“As you saw yesterday, it goes without saying that Jagaban was accepted. Obi has no stand in our mind at all.”

In response, Adebanjo, who was not at the meeting in Akure, said he was not ready to enter into any controversy over the decision taken at the meeting.

“In the first place, I was not supposed to be there. In the second place, we have made our position clear. Pa Fasoranti asked me if I was coming, I said if he asked me to come, but (I asked him to) tell him (Tinubu) what the position of Afenifere is. Once he has done that, I’m not going into any controversy about that.

“Afenifere has taken a stance to support Obi. Any other splinter or rebel group…I’m not going into any controversy about that. I regard that as a diversion. What we are going to do now is see that we succeed at the election.”

In the wake of the visit, Fasoranti is claiming that never retired, but still the leader of Afenifere and Adebanjo’s  position as acting leader is no longer tenable, while Adebanjo is maintaining that he remains the leader as Fasoranti has retired owing to old age, and therefore has no the power to remove him as he was just an ordinary member of the organisation.

“He has no right, constitutionally or otherwise, to do so. He’s functus officio (no longer in office.) He has resigned and is just an ordinary member of the party.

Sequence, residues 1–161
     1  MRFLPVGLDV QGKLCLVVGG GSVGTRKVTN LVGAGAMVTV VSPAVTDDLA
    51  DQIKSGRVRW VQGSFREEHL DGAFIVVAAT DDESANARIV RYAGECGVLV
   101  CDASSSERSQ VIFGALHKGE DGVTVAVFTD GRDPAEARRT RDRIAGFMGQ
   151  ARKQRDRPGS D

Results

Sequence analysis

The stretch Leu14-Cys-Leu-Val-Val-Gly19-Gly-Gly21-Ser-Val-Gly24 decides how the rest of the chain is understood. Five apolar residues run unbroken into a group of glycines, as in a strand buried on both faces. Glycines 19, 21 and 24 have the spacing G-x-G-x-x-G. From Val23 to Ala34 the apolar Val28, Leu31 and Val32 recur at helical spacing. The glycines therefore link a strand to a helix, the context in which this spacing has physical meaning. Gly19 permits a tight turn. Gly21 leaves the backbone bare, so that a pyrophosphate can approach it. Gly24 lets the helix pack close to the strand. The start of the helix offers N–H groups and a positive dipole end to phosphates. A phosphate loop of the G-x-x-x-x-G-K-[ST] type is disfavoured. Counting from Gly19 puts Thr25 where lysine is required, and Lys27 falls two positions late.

“Once he has handed over to me, I am the de facto leader of Afenifere. I won’t make it a controversy at all. Let him test his position wherever.

“Where does he derive his authority? Is Afenifere a monarchy? It’s a pity that in his old age he’s being led astray.

“Have you heard of somebody who is out of a process now saying he’s coming back again? It’s a pity he’s making himself a laughing stock,” Adebanjo said.

Again, Fasoranti hinted that the meetings of the group will return to Akure once he converses with the secretary, as meetings are always held at the leader’s country home. Prior to now, meetings were held at Ogbo, Ijebu Ode, Ogun State.

“Yes, that’s the best. The reason the meeting was shifted from here was a misunderstanding, misinterpretation and misconception of some people that I was going senile and that I couldn’t comprehend. So, when I heard that, I reacted and the person who said that regretted saying so. So, no problem,” Fasoranti said.

In response, a livid Adbanjo retorted that “He has no right to say anything about Afenifere, he has resigned. All the powers and authorities of Afenifere have been vested in me. That’s what I’m saying. I’ve never heard of where somebody who resigned from a political party said he was coming back again.”